a cone, the cone is turned over three times and then flattened. The sample is then divided into four
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Chapter 14 -Aggregates
quarters and two of the diagonally opposite quarters discarded.
Fig.:36 : a) Riffle box

b) quartering

14.3 Determination of Particle Size Distribution Sieving Method


(EN 933-1)
In a sieve analysis, a sample of dry aggregate of known weight is separated through a series of sieves
with progressively smaller openings. Once separated, the weight of particles retained on each sieve is
measured and compared to the total sample weight. Particle size distribution is then expressed as a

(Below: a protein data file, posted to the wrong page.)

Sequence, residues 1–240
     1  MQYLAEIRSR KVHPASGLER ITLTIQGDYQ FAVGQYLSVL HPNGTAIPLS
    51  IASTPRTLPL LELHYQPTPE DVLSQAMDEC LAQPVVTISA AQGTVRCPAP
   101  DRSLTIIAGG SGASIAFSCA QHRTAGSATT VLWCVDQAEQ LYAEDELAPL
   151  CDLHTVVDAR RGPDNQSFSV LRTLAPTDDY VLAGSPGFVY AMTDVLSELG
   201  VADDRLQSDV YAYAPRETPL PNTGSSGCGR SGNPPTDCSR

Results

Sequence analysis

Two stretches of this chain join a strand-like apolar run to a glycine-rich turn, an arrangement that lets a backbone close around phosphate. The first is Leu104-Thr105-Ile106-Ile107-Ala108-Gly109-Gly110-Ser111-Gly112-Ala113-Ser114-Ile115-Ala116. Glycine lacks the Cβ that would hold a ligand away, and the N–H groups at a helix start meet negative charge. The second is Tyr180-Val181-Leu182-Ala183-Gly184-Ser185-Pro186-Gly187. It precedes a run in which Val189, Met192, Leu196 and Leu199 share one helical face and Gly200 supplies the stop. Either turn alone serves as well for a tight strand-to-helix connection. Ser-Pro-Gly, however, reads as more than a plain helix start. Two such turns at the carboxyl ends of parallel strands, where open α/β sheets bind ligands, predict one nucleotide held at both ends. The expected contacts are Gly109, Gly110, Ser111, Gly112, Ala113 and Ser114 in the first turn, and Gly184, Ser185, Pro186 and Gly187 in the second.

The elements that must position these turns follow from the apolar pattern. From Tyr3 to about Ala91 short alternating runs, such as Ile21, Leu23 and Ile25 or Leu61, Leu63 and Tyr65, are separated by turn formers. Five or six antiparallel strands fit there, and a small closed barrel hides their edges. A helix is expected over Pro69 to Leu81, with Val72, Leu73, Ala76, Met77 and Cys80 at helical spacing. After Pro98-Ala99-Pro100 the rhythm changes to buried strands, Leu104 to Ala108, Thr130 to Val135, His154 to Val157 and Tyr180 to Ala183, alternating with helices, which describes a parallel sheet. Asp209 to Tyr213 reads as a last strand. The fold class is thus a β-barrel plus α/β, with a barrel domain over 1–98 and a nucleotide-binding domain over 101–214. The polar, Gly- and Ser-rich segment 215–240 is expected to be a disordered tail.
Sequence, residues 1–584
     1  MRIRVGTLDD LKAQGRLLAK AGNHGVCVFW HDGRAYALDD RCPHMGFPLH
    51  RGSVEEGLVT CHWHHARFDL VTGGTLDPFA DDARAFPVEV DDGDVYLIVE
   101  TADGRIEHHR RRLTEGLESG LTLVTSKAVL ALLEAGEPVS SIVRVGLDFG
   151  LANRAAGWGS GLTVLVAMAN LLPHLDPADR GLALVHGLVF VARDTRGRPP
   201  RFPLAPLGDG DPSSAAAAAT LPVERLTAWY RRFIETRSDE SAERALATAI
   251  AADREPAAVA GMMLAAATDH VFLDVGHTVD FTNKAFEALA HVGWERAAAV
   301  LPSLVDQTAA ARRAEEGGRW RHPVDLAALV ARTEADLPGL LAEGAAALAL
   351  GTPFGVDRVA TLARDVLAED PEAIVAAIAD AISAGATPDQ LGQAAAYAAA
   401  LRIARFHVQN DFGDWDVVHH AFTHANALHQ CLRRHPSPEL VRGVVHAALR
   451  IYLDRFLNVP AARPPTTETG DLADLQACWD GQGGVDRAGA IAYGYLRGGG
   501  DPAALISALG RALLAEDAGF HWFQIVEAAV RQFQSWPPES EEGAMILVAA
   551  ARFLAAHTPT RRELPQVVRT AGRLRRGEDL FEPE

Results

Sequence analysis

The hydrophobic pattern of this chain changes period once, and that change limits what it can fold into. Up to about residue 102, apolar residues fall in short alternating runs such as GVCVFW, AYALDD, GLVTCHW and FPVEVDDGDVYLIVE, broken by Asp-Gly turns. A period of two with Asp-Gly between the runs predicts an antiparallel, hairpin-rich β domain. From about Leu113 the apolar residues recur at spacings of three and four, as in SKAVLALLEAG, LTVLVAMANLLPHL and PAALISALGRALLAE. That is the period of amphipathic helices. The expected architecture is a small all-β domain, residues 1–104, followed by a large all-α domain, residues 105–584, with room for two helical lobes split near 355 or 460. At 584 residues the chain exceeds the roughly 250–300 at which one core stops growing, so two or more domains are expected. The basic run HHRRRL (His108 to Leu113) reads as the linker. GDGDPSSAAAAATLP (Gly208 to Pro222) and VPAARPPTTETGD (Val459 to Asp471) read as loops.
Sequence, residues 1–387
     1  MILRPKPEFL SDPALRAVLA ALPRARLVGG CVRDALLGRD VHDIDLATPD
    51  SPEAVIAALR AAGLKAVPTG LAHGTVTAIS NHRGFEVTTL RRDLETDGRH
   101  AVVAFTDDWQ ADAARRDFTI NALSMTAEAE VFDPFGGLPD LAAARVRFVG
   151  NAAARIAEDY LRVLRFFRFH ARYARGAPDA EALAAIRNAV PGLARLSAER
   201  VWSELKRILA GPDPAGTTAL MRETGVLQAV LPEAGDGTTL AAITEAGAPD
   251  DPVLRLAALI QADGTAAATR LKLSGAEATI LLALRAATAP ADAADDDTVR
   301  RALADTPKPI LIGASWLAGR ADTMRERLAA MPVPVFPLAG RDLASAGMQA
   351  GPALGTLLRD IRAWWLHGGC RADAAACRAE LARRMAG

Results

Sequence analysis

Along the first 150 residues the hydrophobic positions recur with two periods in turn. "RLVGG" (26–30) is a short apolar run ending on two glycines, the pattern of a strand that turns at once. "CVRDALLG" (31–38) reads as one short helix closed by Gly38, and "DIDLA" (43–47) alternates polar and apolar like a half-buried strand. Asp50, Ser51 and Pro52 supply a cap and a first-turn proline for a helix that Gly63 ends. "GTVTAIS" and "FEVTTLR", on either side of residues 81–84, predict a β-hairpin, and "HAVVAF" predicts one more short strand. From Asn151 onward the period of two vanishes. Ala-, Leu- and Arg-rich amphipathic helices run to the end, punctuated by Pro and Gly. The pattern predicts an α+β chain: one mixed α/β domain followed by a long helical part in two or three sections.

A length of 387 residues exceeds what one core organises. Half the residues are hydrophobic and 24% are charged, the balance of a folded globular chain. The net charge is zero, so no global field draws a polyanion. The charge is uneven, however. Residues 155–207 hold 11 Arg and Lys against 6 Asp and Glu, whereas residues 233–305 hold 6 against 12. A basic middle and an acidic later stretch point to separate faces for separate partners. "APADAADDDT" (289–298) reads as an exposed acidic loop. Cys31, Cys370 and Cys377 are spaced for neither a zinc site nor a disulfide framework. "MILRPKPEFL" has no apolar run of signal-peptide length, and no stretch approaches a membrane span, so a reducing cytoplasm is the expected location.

percent retained by weight on each sieve size. Results are usually expressed in tabular or graphical
format.
The test consists of dividing up and separating, by means of series of sieves, a material into several
particle size classification of decreasing sizes. The aperture sizes and the number of sieves are
selected in accordance with the nature of the sample and the accuracy required.
The mass of the particles retained on the various sieves is related to the initial mass of the material.
The cumulative percentages passing each sieve are reported in numerical form or in graphical form.
Individual retained the mass or percentage retained on one sieve after test
Cumulative retained sum of the mass or percentages retained on the sieve and on all coarser
sieves.
Cumulative passing sum of the mass or percentage passing the sieve (e.g. sum of the retained on